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Photographers say city plans to attach "processing fee" to annual fee for permits at local parks

City Council kept in the dark about proposed new fees for photographers
Posted: 9:48 PM, Jan 15, 2020
Updated: 2020-01-16 08:20:03-05
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COLORADO SPRINGS — Professional photographers are upset over a plan to charge a $500 fee to take pictures at Garden of the Gods, but it might not end here.

The plan appears to have been developed behind closed doors with no input from city council. Some photographers we spoke with are saying in addition to the $500 proposed annual fee, they were told they may have to pay an "application processing fee".

Local photographers we interviewed this week are calling for better transparency.

Group of photographers

"We want to know where the funds are going to go and how they came up with that number," photographer Amanda Roberts said Tuesday. "$500 per photographer (means) they're going to make a lot of money and we're just trying to survive and we feed into the local economy."

A group of professional photographers who take wedding and reunion pictures are voicing concerns over a city plan to charge an annual fee if they want to take pictures at Garden of the Gods.

It's a plan we now know was never addressed with city council and members of the pubic feel they were left in the dark.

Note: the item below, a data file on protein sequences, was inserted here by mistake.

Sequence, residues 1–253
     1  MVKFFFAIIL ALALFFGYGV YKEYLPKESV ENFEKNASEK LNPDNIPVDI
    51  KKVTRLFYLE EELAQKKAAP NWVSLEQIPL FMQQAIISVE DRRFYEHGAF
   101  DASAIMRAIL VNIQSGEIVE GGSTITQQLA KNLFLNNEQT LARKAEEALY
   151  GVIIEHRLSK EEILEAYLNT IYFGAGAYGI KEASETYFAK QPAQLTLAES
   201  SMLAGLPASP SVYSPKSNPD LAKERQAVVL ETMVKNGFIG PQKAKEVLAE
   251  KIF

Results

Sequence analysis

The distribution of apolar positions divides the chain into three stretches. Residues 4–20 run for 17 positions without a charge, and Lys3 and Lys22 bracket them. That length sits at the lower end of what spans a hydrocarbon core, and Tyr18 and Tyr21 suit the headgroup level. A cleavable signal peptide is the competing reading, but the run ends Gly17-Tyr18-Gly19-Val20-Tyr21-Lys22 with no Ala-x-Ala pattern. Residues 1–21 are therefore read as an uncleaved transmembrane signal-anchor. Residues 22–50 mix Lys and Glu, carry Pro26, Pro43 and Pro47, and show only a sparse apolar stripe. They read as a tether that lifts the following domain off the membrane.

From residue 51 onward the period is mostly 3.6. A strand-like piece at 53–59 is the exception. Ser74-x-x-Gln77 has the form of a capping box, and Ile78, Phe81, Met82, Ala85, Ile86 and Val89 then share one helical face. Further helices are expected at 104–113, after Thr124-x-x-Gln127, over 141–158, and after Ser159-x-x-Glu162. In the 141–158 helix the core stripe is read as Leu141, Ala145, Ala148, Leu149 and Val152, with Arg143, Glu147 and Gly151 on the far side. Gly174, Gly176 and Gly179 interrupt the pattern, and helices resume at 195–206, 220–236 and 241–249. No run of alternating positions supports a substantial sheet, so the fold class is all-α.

No Transparency

"There was no public meeting about this and no town hall," photographer Callie Riesling said. "For what we know, none of our elected officials have been involved in this and that's why we elect them so they can speak for us."

A spokesperson for city council said Wednesday that they're working on obtaining information, just like we are doing.

One photographer told us that in addition to the $500 annual fee, she was told she may have to pay a $50 application fee.

Amanda

"If we're going to pay it and we have to, we will because we are professionals, but I'd like to see the actual breakdown of how they came up with that number which is more expensive than anywhere in the state," Roberts said Tuesday.

The city has avoided questions and refused to make any city official available to talk with Chief Investigative Reporter Eric Ross.

However, the Park, Recreation and Cultural Services Director did approach one of our photojournalists on an unrelated story Wednesday morning to offer a comment on this story.

"All the revenues that are coming back from that will come back through the visitor and nature center and the foundation and go into the park operations and maintenance of the Garden of the Gods," Karen Palus said.

Still, we don't know details on what prompted the fee discussion, how the plan will be implemented and enforced, and what specific park operations and maintenance projects the money is needed to fund.

"We're anxious to hear back from them (the city) too because we've been calling to get some clarity," Roberts said.

It's unclear whether these fees have been or will go in front of the Park Board, but a spokesperson for city council says this matter does not have to go through them in order for it to be implemented.